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In order for a hearsay statement to be admissible under Rule 804(b)(5), the proponent of the statement must show that the declarant is unavailable and that the statement contains ''circumstantial guarantees of trustworthiness' equivalent to those inherent in the more specific exceptions provided under Rule 804(b)(1)-(4).' United States v. Snyder, 872 F.2d 1351, 1354 (7th Cir. 1989).

If a party repeatedly refuses to testify despite a grant of immunity and under the threat of contempt sanctions and he is directly ordered by the court to answer the government's questions and refuses to do so and then is held in civil contempt and ordered confined until he was willing to testify, that party's persistence had been adequately tested, see United States v. Boulahanis, 677 F.2d 586, 588 (7th Cir.), cert. denied, 459 U.S. 1016, 74 L. Ed. 2d 509, 103 S. Ct. 375 (1982), and the court can properly conclude that the unavailability requirement of the rule had been satisfied.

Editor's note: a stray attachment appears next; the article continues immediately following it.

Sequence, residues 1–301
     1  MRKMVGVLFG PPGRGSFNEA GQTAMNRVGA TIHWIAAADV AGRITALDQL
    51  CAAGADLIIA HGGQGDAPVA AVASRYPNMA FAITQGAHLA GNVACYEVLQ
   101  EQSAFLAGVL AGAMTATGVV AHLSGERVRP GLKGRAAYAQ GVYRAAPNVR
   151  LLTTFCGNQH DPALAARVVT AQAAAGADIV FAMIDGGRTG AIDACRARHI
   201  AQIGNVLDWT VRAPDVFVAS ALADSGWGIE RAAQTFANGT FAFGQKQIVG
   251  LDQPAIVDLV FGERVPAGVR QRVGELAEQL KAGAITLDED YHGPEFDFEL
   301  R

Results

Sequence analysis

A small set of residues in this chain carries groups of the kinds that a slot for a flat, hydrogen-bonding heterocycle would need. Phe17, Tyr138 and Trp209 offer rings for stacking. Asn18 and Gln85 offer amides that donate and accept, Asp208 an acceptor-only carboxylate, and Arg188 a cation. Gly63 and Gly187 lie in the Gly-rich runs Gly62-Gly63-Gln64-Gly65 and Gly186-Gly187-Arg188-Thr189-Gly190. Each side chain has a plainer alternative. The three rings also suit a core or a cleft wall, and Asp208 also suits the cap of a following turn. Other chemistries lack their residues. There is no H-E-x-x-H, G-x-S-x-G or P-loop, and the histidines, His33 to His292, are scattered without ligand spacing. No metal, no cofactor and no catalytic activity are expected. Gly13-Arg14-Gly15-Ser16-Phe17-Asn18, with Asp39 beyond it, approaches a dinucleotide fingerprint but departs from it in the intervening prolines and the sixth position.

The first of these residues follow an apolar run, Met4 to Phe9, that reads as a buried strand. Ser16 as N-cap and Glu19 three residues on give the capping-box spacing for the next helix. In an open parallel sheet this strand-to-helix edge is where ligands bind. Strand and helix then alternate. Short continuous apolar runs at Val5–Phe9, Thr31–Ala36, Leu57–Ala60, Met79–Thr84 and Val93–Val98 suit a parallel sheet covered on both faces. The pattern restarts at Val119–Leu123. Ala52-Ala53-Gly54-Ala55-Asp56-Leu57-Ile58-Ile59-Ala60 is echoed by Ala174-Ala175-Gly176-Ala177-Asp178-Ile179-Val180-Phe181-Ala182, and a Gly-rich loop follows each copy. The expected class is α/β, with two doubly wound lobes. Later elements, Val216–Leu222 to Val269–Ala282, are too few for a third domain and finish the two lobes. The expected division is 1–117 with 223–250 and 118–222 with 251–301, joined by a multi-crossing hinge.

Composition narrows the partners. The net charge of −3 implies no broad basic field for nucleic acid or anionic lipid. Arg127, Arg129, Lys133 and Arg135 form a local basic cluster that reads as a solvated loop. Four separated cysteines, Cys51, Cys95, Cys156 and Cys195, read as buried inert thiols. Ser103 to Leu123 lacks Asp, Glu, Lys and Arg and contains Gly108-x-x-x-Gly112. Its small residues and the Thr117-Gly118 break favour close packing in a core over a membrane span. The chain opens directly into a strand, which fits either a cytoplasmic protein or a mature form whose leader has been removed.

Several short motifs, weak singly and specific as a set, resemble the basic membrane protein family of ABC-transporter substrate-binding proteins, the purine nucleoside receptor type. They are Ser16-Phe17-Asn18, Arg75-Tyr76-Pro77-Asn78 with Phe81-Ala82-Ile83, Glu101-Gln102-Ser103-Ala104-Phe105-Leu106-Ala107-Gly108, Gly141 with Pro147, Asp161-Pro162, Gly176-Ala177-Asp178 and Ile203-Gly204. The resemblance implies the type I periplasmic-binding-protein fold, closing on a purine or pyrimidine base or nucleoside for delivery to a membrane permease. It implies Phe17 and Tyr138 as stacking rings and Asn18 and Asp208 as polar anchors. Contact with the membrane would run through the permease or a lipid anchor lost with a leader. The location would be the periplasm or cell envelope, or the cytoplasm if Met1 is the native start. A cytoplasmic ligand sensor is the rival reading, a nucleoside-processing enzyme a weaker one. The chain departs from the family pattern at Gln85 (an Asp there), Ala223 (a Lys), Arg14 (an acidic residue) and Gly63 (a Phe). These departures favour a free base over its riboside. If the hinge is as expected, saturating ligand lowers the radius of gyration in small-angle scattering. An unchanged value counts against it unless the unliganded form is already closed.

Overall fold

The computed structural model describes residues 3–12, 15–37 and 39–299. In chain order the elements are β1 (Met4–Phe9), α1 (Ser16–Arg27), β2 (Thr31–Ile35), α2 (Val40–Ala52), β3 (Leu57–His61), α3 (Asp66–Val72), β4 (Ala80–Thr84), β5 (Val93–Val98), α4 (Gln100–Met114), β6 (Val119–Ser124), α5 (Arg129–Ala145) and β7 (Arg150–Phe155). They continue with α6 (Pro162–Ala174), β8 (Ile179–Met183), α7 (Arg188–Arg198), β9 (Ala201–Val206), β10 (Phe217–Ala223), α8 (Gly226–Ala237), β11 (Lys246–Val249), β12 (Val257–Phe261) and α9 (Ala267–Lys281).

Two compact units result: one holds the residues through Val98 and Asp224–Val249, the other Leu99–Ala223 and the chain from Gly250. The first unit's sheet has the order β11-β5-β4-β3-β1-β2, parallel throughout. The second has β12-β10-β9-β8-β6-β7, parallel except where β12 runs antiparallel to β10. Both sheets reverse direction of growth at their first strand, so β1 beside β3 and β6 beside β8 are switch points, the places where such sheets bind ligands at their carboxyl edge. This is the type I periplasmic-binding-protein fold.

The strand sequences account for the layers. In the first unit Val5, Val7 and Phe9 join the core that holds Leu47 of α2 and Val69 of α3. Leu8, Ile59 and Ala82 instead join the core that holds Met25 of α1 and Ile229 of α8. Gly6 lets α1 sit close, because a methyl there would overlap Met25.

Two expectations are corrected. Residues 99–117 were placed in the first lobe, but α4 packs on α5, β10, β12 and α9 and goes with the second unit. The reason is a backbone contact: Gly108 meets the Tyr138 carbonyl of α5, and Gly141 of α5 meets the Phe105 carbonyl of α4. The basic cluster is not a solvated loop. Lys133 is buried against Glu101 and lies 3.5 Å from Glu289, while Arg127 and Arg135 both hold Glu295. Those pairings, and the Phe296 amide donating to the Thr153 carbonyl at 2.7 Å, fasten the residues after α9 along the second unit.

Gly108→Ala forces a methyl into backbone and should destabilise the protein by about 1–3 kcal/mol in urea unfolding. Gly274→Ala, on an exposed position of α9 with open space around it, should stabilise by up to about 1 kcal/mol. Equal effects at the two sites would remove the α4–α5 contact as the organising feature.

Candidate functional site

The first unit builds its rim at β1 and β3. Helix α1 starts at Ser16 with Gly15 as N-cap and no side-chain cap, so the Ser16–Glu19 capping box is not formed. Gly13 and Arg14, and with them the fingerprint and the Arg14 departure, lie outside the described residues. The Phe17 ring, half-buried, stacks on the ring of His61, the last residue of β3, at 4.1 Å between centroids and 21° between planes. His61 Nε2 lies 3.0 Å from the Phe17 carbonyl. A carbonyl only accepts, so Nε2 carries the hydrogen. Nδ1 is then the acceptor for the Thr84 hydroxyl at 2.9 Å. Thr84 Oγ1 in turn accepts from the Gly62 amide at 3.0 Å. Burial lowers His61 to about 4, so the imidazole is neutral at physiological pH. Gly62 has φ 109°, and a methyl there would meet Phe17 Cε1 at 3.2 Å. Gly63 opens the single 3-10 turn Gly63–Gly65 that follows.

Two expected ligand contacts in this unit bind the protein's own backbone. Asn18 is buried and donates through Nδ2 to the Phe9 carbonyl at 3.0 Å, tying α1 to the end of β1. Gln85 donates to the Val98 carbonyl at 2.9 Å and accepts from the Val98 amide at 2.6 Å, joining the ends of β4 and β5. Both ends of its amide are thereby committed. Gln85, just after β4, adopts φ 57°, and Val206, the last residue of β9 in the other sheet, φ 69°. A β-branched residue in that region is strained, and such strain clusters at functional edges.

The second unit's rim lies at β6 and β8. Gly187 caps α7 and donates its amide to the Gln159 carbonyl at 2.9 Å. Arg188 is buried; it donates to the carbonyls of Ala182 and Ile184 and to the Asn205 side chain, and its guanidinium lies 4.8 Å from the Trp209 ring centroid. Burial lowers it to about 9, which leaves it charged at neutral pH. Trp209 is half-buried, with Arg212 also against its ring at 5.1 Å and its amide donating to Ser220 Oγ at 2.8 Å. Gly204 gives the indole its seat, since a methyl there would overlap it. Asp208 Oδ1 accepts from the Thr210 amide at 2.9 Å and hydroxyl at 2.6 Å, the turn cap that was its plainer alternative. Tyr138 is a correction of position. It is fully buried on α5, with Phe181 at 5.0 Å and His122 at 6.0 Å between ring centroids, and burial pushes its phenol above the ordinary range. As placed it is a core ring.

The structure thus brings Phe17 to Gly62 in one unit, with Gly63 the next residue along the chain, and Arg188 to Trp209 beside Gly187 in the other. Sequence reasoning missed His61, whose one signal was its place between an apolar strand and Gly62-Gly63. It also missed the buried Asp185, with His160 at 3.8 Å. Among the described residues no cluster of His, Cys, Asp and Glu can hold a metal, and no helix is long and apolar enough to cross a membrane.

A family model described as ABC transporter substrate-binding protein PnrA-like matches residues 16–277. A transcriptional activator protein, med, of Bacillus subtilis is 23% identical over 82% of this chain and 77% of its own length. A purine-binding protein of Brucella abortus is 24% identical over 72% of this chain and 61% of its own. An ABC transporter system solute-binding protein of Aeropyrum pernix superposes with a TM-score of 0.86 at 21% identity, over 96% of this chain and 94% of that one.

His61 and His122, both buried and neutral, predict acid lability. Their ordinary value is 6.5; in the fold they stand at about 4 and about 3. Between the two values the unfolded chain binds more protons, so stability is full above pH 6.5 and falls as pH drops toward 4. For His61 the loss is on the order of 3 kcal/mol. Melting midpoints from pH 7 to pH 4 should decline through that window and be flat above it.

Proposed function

In addition to demonstrating unavailability, Rule 804(b)(5) requires that a hearsay statement not covered by some other exception be supported by 'equivalent circumstantial guarantees of trustworthiness' before it can be admitted. A trial judge has ''considerable ...

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